“One without a second” became the focus of the spiritual effort of Sannyasins and Yogis with the rise and development of the Vedantic tradition. The sense here was that the only thing important was to achieve oneness with the Absolute, and this meant abandoning the world, which, after all, was considered to be a distraction and an illusion, A one-pointed focus was needed so that the mind and senses were directed without any variance on the silent, unmoving, ineffable Brahman. Great Rishis taught the necessity and benefit of a complete renunciation of the world. Yet when one approaches the Kena Upanishad, there is no sign that this is the intention; on the contrary, it seems that “one without a second” needs to be understood in the light of the other dictum “all this is the Brahman.” The attainment of the spiritual experience of Oneness is intended to coincide with living a life in the world and interacting with the myriad individual forms and forces that bring about the creation.
Sri Aurobindo observes: “What then happens to the gods and the cosmos and all that the Lord develops in His being? Does it not all disappear? Is not the transfiguration of the gods even a mere secondary state through which we pass towards that culmination and which drops away from us as soon as we reach it? And with the disappearance of the gods and the cosmos does not the Lord too, the Master-Consciousness, disappear so that nothing is left but the one pure indeterminate Existence self-blissful in an eternal inaction and non-creation? Such was the conclusion of the later Vedanta in its extreme monistic form and such was the sense which it tried to read into all the Upanishads; but it must be recognised that in the language whether of the Isha or the Kena Upanishad there is absolutely nothing, not even a shade or a nuance pointing to it. If we want to find it there, we have to put it in by force; for the actual language used favours instead the conclusion of other Vedantic systems, which considered the goal to be the eternal joy of the soul in a Brahmaloka or world of the Brahman in which it is one with the infinite existence and yet in a sense still a soul able to enjoy differentiation in the oneness.”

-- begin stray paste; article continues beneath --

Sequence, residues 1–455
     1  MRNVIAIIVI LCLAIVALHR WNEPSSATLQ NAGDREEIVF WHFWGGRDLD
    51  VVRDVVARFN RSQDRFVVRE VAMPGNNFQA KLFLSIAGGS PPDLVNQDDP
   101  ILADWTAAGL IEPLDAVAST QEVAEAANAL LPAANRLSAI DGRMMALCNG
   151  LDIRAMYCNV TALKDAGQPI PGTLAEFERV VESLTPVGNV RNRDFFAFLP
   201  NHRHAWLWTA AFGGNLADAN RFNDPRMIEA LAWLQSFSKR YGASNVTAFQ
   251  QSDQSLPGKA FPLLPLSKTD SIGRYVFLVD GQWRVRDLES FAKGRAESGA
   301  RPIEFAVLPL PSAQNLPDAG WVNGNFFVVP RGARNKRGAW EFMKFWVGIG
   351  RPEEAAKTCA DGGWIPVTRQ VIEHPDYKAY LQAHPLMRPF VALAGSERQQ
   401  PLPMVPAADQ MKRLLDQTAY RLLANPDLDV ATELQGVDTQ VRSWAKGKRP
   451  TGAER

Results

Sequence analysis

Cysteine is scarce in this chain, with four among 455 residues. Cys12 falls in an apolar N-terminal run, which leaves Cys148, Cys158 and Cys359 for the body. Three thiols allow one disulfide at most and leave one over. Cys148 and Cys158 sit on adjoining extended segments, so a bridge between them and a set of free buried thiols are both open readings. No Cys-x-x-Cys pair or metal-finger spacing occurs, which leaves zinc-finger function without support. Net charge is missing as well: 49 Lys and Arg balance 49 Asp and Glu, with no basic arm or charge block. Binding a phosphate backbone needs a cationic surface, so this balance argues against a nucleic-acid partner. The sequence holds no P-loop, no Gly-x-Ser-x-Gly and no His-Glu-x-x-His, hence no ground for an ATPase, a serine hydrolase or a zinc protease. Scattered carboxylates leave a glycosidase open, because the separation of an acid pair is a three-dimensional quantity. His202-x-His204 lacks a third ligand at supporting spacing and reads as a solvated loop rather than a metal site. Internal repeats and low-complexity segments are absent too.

Sri Aurobindo, The Upanishads, Kena Upanishad and analysis, pg. 107, 177-183